"LOVE CONQUERS ALL" By Allen Weiss, MD, MBA, President and CEO


February 15, 2010 - February is heart month as well as Valentines Day, thereby reminding us of the important connection between our physical and emotional health and the different types of love in our everyday lives. People in love or who have lived in a loving relationship are generally healthier than those who are not. People who feel they were loved by their parents also seem to have fewer illnesses and better prognoses in later life, according to a 35 year follow-up of Harvard undergraduates. Obviously, there are all sorts of relationships described as love, ranging from romantic to parental to professional friendships among colleagues.

As has been proven many times, there is a complex and comprehensive link between the mind and body. The scientific base for this relationship is still being explored. However, the preponderance of evidence so far points to an area in the deepest portion of the brain which has evolved over eons as being the master of the neuroendocrine system. We'll explore this further. Initially, people who understood quickly or intuitively what a threat was, or what an opportunity was, had an advantage over those who were clueless.

Thus there are biological reasons why people who are optimistic, positive, and mentally at peace enjoy better health than those who are pessimistic, negative, and troubled.

Love is not a subject ordinarily discussed by physicians who, traditionally, have been more focused on disease and treatment. But as both patients and caregivers become more attuned to preventing illnesses, researchers have demonstrated that different parts of the neuroendocrine system have a profound affect on disease and prognosis. Love is one of the emotions which have a salubrious effect for everyone.

The neuroendocrine system has its origins in the base of the brain in an area called the hypothalamus. This area is closely connected to the limbic system which is responsible for emotional behavior, long term memory, sexuality; it has been called the brain's pleasure center. Originally, this very primitive area of the brain evolved to protect against hostile forces such as an attack by a wild animal. Later in the brain's evolution, this area changed to respond positively to being mentally stimulated—such as being in love or being loved, solving a problem or accomplishing a task. This system is also satisfied when there is enough food, water, shelter, and comfort.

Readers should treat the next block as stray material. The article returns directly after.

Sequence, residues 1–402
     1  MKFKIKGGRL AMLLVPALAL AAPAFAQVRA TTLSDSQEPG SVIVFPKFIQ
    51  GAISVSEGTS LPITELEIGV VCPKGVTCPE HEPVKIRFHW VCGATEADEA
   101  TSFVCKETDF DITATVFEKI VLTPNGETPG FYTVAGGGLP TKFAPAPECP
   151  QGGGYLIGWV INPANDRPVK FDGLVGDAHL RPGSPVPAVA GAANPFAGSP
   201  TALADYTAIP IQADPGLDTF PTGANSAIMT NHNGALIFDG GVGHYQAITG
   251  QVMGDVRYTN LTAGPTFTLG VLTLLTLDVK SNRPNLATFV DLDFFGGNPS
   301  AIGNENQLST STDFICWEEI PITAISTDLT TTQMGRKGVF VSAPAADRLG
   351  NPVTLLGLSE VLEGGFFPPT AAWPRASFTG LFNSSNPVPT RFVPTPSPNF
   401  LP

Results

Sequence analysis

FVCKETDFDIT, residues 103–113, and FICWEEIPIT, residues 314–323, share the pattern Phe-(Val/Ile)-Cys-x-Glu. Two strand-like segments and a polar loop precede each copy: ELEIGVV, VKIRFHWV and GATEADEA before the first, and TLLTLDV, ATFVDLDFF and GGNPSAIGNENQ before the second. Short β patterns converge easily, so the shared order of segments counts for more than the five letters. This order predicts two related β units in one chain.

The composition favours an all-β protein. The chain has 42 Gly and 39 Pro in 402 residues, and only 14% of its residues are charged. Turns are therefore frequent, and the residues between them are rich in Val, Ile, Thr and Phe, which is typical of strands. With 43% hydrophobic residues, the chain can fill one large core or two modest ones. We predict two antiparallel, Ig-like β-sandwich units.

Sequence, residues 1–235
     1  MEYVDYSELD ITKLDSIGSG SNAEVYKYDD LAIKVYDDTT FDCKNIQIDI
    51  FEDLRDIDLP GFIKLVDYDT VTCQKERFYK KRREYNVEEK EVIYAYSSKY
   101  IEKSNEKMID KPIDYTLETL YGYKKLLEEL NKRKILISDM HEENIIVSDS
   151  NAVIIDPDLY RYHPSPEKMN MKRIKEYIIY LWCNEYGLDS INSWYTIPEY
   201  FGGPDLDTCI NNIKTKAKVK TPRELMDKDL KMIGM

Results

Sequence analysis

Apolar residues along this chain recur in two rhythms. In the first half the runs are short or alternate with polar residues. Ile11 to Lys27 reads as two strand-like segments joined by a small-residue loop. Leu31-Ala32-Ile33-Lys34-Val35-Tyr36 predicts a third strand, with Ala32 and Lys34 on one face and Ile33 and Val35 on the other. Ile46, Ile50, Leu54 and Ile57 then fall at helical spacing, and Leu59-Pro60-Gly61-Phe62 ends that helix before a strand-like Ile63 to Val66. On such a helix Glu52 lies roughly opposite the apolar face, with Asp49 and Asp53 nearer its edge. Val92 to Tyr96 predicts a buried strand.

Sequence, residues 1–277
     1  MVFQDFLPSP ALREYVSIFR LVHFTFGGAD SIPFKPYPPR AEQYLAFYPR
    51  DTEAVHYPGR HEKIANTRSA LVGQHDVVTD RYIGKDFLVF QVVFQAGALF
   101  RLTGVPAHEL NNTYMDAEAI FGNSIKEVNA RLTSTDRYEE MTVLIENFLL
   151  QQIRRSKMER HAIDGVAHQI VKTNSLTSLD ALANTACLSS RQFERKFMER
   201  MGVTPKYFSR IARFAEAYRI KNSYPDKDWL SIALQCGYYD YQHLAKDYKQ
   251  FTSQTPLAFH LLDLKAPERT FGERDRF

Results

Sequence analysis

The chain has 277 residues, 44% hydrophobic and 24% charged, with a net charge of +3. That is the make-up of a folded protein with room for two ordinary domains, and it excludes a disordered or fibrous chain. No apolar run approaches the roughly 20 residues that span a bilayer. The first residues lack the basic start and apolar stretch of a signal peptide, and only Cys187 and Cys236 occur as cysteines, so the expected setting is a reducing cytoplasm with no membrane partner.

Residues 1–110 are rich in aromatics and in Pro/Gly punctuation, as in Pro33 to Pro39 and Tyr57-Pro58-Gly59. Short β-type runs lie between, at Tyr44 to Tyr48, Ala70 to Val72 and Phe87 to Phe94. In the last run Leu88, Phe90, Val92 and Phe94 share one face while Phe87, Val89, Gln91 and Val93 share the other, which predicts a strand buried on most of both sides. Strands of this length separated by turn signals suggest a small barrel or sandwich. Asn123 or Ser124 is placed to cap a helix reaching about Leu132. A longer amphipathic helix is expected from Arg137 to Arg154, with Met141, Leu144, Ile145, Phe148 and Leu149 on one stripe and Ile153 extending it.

When the converse is the case, as when being lonely or threatened or attacked or in a stressful environment, e.g. a hostile work atmosphere, the neuroendocrine system is activated to release hormones into the blood stream which stimulate the fight or flight reaction. Normally the fight or flight reaction is protective and a good thing. But when one is chronically over-stimulated the mind and body become fatigued and, subsequently, a fertile ground for illnesses to germinate.

Excessive and chronic release of stress hormones causes deleterious effects on the entire body and mind. The immune system loses its ability to protect against infection, which is why colds and flu are more common in people who are “run down.” Mental health worsens as people who are stressed have used up their coping mechanisms and end up alienating those around themselves who might be able to help. The expression, “you always hurt those who love you the most” comes to mind as the aphorism describing this well-recognized but counterproductive behavior.

These fundamental changes in turn make a person more susceptible to heart disease, hypertension, and perhaps other illnesses, since stressed people tend not to eat well or exercise. Being overweight and out of shape or in poor physical condition can be the result of excessive stress and, in turn, cause stress. Incidentally, exercising regularly releases endorphins, the bodies “natural opiates,” which have a beneficial effect on the neuroendocrine system.

So you see, being in love or loving someone helps you and the other person involved. Being a loner and out of touch makes for both bad health and a sad life. The conclusion: This February, enjoy Valentine's Day in a loving relationship; you're entire body will thank you.



Dr. Allen Weiss is CEO & President of the NCH Healthcare System. He is board certified in Internal Medicine, Rheumatology and Geriatrics, and was in private practice in Naples, Florida from 1977 - 2000. Dr. Weiss is active in a variety of professional organizations and boards, and has been published in numerous medical journals, including the American Journal of Medicine and the Journal of Clinical Investigation.